Casper Ruud bluffs his way to US Open final: ‘There is acting in sports. I tried to not show that I’m tired’

A delighted Casper Ruud

Casper Ruud overcame nerves at the beginning of his semi-final and tiredness towards the end of his match against Karen Khachanov to become the first Norwegian man to reach the US Open final.

But while Ruud was bluffing about his tiredness during the match, there wasn’t much bluffing about the quality of the tennis he produced on the day and during the tournament.

The fifth seed will face Carlos Alcaraz in Sunday’s showpiece match on Arthur Ashe Stadium and it will not only be the US Open crown that is on the line as they will also battle it out for the No 1 spot in the ATP Rankings.

After dismissing Matteo Berrettini in straight sets in the quarter-final, Ruud battled for three hours to see off Kachanov with a 7-6 (7-5), 6-2, 5-7, 6-2 victory.

The opening set went back and forth with neither player able to assert their dominance on serve. The Norwegian broke in game two to go 2-0 up, but he was then broken to love before Khachanov went 4-3 up with a second break. Yet this time the 27th seed was unable to back it up as Ruud hit back.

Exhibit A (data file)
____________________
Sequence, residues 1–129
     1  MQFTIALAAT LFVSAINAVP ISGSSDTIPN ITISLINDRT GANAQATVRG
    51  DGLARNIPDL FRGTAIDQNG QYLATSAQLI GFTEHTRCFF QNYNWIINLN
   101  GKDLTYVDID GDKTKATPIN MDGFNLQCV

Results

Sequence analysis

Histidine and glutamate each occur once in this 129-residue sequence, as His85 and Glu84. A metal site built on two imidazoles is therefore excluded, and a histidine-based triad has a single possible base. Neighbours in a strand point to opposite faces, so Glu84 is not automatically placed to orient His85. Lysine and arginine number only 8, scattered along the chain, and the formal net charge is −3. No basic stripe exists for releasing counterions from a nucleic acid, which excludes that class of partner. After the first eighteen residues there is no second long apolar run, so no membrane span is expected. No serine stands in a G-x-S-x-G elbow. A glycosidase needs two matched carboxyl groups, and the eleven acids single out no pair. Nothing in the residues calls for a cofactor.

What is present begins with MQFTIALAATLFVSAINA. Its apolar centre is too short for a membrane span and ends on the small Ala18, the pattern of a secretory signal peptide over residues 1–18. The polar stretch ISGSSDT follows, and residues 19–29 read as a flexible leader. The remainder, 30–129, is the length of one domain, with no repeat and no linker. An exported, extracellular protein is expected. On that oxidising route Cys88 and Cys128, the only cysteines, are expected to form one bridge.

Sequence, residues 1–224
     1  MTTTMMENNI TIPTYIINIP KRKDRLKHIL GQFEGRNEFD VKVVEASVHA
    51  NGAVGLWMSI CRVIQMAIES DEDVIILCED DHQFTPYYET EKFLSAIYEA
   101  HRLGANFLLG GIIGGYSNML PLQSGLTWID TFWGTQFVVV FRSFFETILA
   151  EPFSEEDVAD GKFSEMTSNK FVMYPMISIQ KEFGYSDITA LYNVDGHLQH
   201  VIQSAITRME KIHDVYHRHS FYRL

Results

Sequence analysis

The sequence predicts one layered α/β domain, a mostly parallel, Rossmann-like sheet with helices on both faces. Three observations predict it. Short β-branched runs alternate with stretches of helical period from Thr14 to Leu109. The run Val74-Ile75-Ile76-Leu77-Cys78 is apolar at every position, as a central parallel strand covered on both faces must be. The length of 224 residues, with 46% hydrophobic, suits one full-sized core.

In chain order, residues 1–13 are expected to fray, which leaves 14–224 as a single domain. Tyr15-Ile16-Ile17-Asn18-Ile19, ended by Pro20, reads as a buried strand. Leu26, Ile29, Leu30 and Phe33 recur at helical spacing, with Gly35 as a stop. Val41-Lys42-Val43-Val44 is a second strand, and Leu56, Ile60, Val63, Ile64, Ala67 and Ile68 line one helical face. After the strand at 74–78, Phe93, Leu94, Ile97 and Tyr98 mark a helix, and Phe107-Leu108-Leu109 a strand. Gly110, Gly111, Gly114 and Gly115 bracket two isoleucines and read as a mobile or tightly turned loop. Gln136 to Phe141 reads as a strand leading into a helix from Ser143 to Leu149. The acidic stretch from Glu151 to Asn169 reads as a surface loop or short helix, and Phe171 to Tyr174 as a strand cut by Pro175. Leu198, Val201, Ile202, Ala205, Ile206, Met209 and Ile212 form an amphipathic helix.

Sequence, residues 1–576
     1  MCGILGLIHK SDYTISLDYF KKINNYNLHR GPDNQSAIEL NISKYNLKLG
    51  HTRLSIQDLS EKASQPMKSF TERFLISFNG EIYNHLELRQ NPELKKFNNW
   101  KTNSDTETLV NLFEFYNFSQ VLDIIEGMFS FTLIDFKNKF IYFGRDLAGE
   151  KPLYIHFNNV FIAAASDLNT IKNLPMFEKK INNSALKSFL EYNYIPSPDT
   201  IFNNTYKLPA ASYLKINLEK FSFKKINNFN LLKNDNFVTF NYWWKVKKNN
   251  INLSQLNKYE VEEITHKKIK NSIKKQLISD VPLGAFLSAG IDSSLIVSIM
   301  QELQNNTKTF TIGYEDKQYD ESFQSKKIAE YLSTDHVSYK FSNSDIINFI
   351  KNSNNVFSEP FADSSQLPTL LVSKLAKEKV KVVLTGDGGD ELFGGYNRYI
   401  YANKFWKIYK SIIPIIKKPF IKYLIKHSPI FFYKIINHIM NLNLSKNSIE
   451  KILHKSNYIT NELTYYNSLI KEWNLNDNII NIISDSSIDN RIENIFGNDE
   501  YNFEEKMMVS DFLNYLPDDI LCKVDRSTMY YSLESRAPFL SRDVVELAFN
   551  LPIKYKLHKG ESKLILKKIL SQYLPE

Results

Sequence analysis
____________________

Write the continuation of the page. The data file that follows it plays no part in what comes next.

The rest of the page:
It went to a tie-breaker and both dug deep with one rally lasting an incredible 55 shots, but Ruud edged the first set with a single mini break.

The fifth seed finally took control as he broke in games three and five to go two sets to love up, but the hard-hitting Khachanov was not done as he went toe-to-toe in the third set and a single break in game 12 kept the match alive.

But both started to tire and Ruud was able to “act” his way to victory as he broke twice in the fourth set to claim victory.

“I tried to not show Karen that I’m tired because I don’t want him to think that, ‘This is tiring for Casper’,” he said.

“There is acting in sports. Tennis especially. It’s such a mental and psychological game that any small detail can help you win the match. I don’t know how I’m able to do it.”

The world No 7, who finished runner-up to Rafael Nadal at the French Open in June, admitted that he was overwhelmed by the occasion early on, but eventually calmed down.

“I think we were both a bit nervous at the beginning, a few breaks back and forth. But you have to take into account that this match is probably the biggest in both of our careers,” he said. “Of course there will also be some nerves but I was fortunate to win that first set, which calmed my nerves a little bit.

“I played phenomenal in the second and Karen stepped up in the third. It was back and forth like every five-setter is, but I am just so happy. After Roland Garros I was extremely happy but of course humble enough to think that could be my only final at a Grand Slam in my career. It doesn’t come easy, but here I am back again a couple [of] months later.”